Heartland Harvest Garden a Hive of Activity

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Heartland Harvest Garden a Hive of Activity

Categories: Blog, Garden Guru

Behind the scenes the Heartland Harvest Garden is blossoming with activity. This very fragrant Jubilee Rugosa Rose (Rosa rugosa) graces the understory of the Apple Celebration Court. Its flowers are edible but add more fragrance than flavor to the palate. This rose produces extra large fruit “hips” for tea and vitamin C-rich preserves. It is also a beneficial companion to apple plantings.

Can you guess what young fruit this is?

Baby peaches are fuzzy and cute at this season.

Sweet cherries ripen quickly! I have bird netting on order as last year birds sampled every one!

We planted strawberries a bit late because of the wet season. It takes about a month from bloom to fruit.

Matt Bunch (Horticulturist in charge of the Heartland Harvest Garden) sets stakes to string lines to sharply define the triangular and square beds of the Kansas Star Quilt – Forage Crops. Horticulture staff from all components of Powell Gardens teamed up to help Matt plant in the Heartland Harvest Garden today.

Duane Hoover (Horticulturist – Kauffman Memorial Garden, standing) and Ben Aaron (intern – Kauffman Memorial Garden) help plant forage grasses in the Kansas Star Quilt – Forage Crops garden.

Tracy Flowers (Gardener – Kauffman Memorial Garden) waters in new plantings in the Kansas Star Quilt. This garden will be a three-quarter acre patchwork quilt showcasing pasture and range grasses along with legumes like clover and alfalfa. Where does your beef and dairy come from?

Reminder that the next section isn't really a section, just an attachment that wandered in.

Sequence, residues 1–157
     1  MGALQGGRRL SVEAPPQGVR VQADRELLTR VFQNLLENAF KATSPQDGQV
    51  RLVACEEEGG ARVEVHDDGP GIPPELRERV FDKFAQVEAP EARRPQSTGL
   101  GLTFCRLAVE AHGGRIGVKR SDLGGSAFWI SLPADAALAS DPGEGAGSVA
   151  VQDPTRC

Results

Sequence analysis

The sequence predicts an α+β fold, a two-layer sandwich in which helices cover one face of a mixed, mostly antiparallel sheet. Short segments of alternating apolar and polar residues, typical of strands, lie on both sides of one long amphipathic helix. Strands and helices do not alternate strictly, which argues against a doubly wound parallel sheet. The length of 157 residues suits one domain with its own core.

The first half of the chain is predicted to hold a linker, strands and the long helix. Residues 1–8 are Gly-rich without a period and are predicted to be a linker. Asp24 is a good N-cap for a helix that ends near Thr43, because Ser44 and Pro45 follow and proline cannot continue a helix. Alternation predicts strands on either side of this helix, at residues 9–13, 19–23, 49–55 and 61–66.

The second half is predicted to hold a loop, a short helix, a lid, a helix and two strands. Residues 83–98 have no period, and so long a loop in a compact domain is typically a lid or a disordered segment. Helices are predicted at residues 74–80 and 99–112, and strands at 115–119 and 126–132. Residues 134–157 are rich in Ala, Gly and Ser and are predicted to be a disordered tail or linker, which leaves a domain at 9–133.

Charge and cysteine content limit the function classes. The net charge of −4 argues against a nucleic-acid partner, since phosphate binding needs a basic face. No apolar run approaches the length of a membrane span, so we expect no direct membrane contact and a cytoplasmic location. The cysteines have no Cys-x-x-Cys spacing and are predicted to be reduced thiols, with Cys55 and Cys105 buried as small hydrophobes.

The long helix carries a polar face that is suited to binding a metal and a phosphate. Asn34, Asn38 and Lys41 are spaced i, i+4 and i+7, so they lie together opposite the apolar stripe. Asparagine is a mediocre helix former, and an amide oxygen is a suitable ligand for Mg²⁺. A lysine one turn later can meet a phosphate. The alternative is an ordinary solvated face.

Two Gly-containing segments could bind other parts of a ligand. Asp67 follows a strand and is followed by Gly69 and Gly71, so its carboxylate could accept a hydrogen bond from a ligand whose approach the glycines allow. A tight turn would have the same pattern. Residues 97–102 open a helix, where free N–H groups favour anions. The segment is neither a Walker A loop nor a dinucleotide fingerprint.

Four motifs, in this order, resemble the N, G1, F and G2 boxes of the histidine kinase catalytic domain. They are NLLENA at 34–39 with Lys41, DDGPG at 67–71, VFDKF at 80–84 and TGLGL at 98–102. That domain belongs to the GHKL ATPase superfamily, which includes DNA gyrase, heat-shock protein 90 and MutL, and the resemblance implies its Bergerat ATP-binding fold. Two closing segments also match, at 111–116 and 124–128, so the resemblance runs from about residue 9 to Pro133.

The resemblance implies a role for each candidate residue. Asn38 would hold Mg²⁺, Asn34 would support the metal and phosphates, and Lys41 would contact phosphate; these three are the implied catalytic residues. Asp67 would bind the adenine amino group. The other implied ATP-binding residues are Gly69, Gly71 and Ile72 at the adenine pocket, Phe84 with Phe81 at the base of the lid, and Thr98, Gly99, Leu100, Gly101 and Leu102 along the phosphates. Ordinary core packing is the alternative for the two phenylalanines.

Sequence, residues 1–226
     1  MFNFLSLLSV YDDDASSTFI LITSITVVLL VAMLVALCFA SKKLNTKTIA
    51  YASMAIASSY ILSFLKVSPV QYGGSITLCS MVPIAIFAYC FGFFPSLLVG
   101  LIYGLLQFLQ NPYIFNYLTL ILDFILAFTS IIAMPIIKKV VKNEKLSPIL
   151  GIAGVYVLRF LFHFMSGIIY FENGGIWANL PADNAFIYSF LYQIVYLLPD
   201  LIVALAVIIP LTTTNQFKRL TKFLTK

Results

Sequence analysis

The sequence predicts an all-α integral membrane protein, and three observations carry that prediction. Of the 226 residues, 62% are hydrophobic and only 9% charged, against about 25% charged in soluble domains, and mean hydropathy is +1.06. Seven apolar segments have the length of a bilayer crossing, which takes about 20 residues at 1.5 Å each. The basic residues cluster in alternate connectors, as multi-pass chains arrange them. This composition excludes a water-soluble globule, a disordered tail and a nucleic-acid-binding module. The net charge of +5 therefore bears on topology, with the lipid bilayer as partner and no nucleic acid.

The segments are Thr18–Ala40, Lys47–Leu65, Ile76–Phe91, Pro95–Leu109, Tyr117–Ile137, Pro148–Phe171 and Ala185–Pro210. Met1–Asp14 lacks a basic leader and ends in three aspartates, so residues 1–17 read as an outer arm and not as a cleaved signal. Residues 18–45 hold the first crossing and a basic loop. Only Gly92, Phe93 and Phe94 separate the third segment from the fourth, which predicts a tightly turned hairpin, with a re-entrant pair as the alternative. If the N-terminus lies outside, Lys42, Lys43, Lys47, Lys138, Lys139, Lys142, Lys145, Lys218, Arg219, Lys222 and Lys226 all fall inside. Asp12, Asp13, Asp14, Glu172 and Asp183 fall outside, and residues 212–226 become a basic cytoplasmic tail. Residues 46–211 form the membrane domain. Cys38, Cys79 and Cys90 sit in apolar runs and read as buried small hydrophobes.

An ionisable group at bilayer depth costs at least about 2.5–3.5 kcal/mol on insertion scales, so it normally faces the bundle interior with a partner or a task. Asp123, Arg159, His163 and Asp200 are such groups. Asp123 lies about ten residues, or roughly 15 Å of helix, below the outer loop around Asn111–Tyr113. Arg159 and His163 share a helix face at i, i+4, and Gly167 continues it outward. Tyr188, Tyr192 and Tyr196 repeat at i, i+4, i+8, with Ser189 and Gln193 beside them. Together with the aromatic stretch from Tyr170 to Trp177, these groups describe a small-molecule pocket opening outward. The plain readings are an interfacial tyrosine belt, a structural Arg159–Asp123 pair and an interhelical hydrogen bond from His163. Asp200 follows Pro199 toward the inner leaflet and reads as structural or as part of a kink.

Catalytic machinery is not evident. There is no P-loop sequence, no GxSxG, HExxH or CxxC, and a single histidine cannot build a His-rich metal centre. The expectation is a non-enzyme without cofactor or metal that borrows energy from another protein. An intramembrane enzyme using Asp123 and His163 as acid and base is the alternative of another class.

Richard Heter (Horticulturist – Turf & Trails) is dwarfed by the crane installing the spiral staircase in the observation silo. Richard is preparing a bed for turf in front of the Missouri barn.

Here’s the current view down the main path to the Missouri Barn’s observation silo.

Parts of the Villandry Quilt – Vegetable Garden are already planted but we have held off on some veggies like tomatoes until now. Near record cold would not have been good for warm season plants like tomatoes and basil.

Caitlin Bailey plants a rainbow of indeterminate cherry tomatoes to climb over a rebar tunnel –a cherry tomato tunnel by late summer. This is part of Rosalind Creasy’s Author’s Garden.

Donna Covell (Horticulturist – Production Greenhouses) left and Kellyn Register (Gardener – Greenhouses) pose on a bench in the Apple Celebration Court. The two were checking on the plants they grew for planting today. Chives and roses add color to the space, most of the trees will produce some apples for sampling through the latter half of this season.

Mark your calendars for the public opening of the Heartland Harvest Garden on June 14th. The young fruit in the second image was a nectarine. We can’t wait to savor its flavor later in the season.

All photographs taken by Alan Branhagen on May 19, 2009.